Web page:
here. Install it normally and ensure that you check the option to install OpenSSH server.
You will need to do this as an administrator, since it will install two services—one for rsync and the other for OpenSSH.
These are not started by default, so go to Start->Run and type in services.msc to bring up the services screen (Figure 1). Locate the
services called Openssh SSHD and RsyncServer, start them and set the Startup Type for each one to be Automatic.
Figure 1: Service console showing OpenSSHD and rsync server
Next, we need to activate a user so that we can use it to log in. cwRsync should have installed a menu item in your Start Menu. Locate it and click on 05. Start a UNIX BASH Shell. Which will bring up a command line. Then type in activate-user.sh and you’ll see the following response:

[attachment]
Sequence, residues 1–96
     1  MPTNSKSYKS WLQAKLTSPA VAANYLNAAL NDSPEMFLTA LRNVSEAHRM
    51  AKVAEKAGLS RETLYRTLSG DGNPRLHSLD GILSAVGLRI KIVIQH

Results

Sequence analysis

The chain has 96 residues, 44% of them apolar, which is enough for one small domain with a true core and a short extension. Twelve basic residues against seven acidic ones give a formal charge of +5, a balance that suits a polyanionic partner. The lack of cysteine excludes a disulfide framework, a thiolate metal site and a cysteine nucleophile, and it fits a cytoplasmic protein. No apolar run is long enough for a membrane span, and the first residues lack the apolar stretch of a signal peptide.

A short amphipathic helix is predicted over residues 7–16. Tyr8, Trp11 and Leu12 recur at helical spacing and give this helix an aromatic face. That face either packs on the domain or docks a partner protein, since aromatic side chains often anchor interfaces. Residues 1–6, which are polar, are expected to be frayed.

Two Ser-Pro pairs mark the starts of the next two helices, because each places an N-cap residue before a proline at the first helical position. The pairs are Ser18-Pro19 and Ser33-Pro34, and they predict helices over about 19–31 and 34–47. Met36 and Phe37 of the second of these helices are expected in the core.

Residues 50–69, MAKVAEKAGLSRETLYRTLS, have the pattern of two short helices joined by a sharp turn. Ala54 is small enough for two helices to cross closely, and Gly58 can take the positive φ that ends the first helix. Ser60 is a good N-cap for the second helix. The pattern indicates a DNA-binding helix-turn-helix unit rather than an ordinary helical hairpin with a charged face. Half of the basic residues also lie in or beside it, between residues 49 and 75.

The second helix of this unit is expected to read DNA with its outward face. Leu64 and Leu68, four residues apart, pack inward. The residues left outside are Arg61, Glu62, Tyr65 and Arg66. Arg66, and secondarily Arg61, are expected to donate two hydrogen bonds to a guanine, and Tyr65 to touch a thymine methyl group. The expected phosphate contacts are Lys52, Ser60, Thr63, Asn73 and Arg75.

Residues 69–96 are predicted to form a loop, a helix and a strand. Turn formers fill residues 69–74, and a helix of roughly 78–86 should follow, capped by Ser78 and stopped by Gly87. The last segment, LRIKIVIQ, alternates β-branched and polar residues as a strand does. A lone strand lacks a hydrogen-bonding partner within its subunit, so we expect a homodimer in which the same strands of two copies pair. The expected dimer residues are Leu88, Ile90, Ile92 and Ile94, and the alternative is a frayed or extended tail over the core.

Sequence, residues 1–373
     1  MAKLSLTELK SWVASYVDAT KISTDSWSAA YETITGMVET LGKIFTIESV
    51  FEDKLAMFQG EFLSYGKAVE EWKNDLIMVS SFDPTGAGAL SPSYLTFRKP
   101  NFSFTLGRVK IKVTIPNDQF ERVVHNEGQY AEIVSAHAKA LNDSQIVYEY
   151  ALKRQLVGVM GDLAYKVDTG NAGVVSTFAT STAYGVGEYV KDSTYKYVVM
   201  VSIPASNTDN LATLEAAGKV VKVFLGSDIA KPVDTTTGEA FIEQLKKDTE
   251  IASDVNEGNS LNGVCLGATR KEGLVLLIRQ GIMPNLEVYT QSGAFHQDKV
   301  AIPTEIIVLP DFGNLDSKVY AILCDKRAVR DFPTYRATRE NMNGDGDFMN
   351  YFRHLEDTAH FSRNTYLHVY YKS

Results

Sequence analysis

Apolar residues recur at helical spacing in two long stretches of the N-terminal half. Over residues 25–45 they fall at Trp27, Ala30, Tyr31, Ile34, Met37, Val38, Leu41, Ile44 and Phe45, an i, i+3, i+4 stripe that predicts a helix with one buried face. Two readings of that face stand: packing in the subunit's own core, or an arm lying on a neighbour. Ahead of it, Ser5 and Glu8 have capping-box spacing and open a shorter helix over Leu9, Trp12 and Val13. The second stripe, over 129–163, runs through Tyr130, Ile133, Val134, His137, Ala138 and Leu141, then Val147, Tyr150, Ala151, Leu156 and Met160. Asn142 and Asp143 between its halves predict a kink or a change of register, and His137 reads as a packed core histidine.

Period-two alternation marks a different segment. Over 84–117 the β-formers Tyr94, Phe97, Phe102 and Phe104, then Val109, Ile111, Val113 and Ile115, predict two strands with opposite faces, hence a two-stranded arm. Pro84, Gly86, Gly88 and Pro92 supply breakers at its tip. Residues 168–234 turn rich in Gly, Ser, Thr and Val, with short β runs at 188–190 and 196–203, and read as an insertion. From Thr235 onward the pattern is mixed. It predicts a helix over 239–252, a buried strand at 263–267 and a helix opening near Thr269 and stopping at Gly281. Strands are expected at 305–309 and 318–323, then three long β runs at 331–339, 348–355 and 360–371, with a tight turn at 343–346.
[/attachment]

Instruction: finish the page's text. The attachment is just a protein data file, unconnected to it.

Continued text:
$ activate-user.sh ?############################### Activate a user for copssh ############################### Do you want to activate a (l)ocal or a (d)omain user [l/d] ?
Enter ‘l’ for local and the system will respond with a list of local users:
User accounts for \\WIGGUM ----------------------------------------------------------------------- Administrator ASPNET Guest HelpAssistant kevin sshd SUPPORT_388945a0 SvcwRsync Enter a user account for activation :
Now enter the user you wish to activate. In my case, I entered "Kevin" and pressed the Enter key. The user activation process will then prompt to enter a passphrase to use with key generation. But since we’ll be using our own keys, as you’ll see later, just hit the Enter key to let the user activation process finish up: